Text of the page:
• Select options (I always tick Download Updates while installing and Install third party software to avoid post install complications - however, these are to be chosen if there is a live internet connection)
  • Select installation type and location to install - important for me as my laptop has multiboot environment
  • Select geography and time zone - detected automatically based on IP
  • Keyboard layout and language - for me US only
  • User details and user ID creation
  • Finally press install and wait for about 10-20 minutes depending on your internet connection
From Ubuntu Gnome 14.04
It is the easiest installation one can think of and I go with 100% score on installation.

Score for Installation: 10/10

Hardware Detection
Ubuntu GNOME automatically detected all my hardware specs and no manual intervention was required, except may be installing bumblebee. Screen resolution, sound, touch pad, WIFI, LAN, etc. all worked as expected and I go for 100% score on hardware detection.

Installation of Bumblebee
I generally don't like Nvidia graphics running all the time as it causes a lot of heat. So, I prefer using nvidia-prime or bumblebee, which allows me to choose when to run Nvidia graphics. I didn't choose nvidia-prime as GNOME display manager (GDM) has issues with nvidia-prime and renders the distro unbootable. First it has to be replaced by LDM and then nvidia-prime should be tried. Hence, for this review I went with bumblebee, though it doesn't work great in the Trusty version. Unlike previous releases, Ubuntu Trusty repositories now host the bumblebee packages. The steps to install bumblebee is simpler now, namely:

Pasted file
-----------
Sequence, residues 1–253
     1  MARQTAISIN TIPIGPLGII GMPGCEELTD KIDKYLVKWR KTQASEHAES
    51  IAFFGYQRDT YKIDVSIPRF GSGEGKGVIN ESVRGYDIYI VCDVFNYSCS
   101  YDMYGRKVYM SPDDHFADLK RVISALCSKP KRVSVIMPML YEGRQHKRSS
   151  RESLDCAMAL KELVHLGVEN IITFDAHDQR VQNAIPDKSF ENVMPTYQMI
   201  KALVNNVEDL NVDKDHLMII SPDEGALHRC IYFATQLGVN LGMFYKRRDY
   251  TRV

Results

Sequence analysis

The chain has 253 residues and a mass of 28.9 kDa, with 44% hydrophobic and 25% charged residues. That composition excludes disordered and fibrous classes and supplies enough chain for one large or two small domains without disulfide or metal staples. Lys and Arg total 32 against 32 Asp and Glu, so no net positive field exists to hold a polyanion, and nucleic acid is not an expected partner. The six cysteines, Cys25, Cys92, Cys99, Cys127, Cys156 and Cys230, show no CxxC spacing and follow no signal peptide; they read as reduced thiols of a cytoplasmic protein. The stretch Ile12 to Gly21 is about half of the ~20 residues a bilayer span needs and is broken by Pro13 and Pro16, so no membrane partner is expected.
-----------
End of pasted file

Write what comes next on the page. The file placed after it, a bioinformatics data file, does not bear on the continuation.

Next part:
$ sudo apt-get install bumblebee bumblebee-nvidia primus linux-headers-generic bbswitch-dkms mesa-utils nvidia-331-updates

Once installed, add user to the bumblebee group
$ sudo gpasswd -a arindam bumblebee

Restart and open a terminal to run the following command:
$ optirun glxgears
You should see something like this. The earlier bug of optirun not working and required manual tweaking of bumblebee configuration file is now corrected.
From Ubuntu Gnome 14.04

Score for Hardware Detection: 10/10

Ubuntu GNOME ships with the unaltered GNOME 3 look with a blank desktop and a dash to access almost everything. The green wallpaper suits the black panel at the top.